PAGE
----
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Navigating the energy transition: Impacts on indigenous lands and inclusive research strategies

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The shift to sustainable energy is crucial for our future, but it requires a significant increase in the extraction of minerals and the generation of “green” electricity, such as hydroelectric power. These activities, often conducted on Indigenous lands, can have profound environmental impacts on lakes and rivers. The energy transition also demands new infrastructure, including a global fleet of electric vehicles and extensive wind and solar farms. This has already spurred a surge in demand for critical and strategic metals.

Given the national importance of ensuring a stable supply of these metals in a complex geopolitical landscape, many mineral-rich countries are keen to promote the development of new mines. In Canada and Québec, these mines are frequently located in the Canadian Shield, extending into the Far North, regions already susceptible to climate change.

For instance, several rare-earth element mining projects are being explored in the North. The first operational mine for these metals began production in 2021 near Great Slave Lake in the Northwest Territories, and similar projects are emerging in Nunavik. These mines, whether through tailings or atmospheric deposition, can introduce a mix of metals into aquatic ecosystems. Often, the concern is not the primary metal of interest but other metals, like radioactive uranium and thorium, which are inadvertently extracted alongside rare-earth elements.

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The challenge of data deficiency

A significant challenge is the lack of comprehensive data on the ecotoxicology of these metals, complicating efforts to establish water quality criteria. As professors of biological sciences at Université de Montréal and Université du Québec à Montréal and experts in water quality, we are working to generate the necessary toxicological data. In a recent study, we measured naturally occurring concentrations of rare-earth elements in water and animals to understand the potential impacts of new mines.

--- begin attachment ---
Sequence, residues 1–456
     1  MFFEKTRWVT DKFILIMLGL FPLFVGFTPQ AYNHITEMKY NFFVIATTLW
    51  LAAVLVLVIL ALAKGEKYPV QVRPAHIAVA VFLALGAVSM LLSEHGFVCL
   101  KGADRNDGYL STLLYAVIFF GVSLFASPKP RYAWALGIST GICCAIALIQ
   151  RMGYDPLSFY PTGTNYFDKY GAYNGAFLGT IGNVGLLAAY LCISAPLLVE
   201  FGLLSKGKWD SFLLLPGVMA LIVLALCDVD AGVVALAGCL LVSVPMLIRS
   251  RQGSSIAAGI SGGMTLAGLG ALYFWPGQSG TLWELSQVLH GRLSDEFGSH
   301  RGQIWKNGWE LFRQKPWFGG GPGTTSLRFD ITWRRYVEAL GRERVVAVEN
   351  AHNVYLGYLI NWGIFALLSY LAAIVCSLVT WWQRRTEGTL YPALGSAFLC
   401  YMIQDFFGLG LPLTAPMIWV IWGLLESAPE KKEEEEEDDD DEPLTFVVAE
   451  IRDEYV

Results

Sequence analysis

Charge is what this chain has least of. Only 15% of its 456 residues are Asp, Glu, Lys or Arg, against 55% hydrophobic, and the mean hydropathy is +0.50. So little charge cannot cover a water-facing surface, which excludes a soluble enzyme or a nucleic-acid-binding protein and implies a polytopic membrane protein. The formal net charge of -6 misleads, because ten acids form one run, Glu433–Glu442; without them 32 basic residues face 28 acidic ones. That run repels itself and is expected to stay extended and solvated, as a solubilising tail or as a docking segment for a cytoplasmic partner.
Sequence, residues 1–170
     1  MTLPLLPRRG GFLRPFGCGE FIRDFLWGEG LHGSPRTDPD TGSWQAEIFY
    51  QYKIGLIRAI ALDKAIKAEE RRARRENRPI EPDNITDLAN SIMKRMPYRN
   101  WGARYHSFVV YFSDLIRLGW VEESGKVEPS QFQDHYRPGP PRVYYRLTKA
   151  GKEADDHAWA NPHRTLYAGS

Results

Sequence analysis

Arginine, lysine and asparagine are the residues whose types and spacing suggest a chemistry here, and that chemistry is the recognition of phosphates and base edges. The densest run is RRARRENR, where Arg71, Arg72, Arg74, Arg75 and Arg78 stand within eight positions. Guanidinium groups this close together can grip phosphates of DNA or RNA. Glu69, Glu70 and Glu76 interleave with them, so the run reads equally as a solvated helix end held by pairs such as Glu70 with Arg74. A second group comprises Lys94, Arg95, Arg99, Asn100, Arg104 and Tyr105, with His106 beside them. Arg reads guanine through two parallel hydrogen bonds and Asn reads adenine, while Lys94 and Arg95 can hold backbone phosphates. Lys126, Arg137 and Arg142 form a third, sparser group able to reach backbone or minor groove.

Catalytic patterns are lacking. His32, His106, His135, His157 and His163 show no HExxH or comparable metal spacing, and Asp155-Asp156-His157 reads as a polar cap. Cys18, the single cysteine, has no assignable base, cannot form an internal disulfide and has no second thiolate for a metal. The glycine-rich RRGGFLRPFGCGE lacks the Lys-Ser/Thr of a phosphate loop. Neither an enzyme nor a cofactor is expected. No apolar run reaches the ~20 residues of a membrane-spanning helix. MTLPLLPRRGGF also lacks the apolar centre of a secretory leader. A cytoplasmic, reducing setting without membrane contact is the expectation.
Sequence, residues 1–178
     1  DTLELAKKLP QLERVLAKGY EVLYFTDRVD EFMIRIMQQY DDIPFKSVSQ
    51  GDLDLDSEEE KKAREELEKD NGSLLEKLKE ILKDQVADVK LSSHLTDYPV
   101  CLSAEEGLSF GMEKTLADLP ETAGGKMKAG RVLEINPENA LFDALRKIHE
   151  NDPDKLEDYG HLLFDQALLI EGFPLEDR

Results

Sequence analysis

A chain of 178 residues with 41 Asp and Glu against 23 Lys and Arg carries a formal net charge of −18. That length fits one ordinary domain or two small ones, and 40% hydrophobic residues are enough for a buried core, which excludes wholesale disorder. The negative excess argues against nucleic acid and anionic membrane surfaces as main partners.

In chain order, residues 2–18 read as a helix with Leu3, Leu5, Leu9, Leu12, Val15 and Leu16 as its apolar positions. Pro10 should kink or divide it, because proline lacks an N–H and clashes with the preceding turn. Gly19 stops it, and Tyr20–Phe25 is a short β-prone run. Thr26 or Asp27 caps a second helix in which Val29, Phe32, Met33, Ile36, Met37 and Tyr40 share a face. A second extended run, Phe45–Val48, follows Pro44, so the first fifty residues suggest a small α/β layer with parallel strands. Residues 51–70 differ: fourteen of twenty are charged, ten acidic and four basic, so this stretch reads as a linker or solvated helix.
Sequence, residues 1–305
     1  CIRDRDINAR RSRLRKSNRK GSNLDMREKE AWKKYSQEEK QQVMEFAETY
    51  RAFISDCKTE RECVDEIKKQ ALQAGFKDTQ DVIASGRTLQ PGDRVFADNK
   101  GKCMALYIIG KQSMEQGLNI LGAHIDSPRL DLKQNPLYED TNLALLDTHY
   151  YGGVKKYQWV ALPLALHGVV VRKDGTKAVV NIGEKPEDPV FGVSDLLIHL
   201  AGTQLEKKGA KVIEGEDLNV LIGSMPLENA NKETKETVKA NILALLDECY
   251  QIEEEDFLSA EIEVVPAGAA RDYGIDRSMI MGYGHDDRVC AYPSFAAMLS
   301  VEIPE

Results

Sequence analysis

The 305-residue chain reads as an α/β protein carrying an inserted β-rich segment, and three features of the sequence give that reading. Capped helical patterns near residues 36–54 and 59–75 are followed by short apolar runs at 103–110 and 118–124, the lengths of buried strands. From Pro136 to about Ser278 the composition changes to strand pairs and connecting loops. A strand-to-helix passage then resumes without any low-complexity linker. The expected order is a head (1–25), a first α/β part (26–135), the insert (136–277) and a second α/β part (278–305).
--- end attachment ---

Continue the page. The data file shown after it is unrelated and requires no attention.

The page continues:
We are also developing early detection tools for monitoring the environmental impact of critical and strategic metals. For example, we have used aquatic insect larvae and zooplankton as indicators for rare-earth elements in the environment. Our research indicates that the free ionic form of a metal often best explains its accumulation in animals, particularly when considering competing ions in solution that may affect metal uptake at biological entry points, like the gills of invertebrates.

These findings will help governmental agencies better predict the effects of future discharges of these increasingly important contaminants.

Hydroelectric power and its environmental impact

The energy transition requires a significant supply of electricity from non-fossil fuel sources. Hydroelectricity is a common choice, but it necessitates constructing new power stations on rivers. These stations can alter hydrological regimes and biodiversity, and they can promote the production of the neurotoxin methylmercury. This toxin is generated by microbes in low-oxygen environments, such as land flooded by dams or sediments at the bottom of reservoirs.

Our recent research shows that even small hydroelectric stations, such as run-of-the-river plants, can cause temporary increases in methylmercury levels in food webs, affecting large predatory fish and their consumers, including fish-eating birds and humans. Despite small hydro plants making up over 90% of the world’s power plants, their cumulative environmental impact could surpass that of larger reservoir plants. Additionally, land disturbances upstream of power plants, like forest fires and logging, can exacerbate neurotoxin production by increasing the transfer of mercury and organic matter to rivers.

Building partnerships with indigenous communities

Since many of these mines and power stations are located on Indigenous lands, it is crucial to build trust and establish communication with the communities living there. We have developed collaborative research projects involving First Peoples’ communities, industry, and universities. These projects prioritize the communities’ research interests, ensuring they receive results directly and benefit from knowledge transfer.

One way we facilitate this knowledge transfer is through educational initiatives, like knowledge camps, where young people engage in scientific activities with research teams and learn traditional knowledge from Elders. By working together with communities, industry, and governments, we aim to conduct inclusive research that monitors the impact of the energy transition on our lakes and rivers, promoting both progress and protection for all involved.

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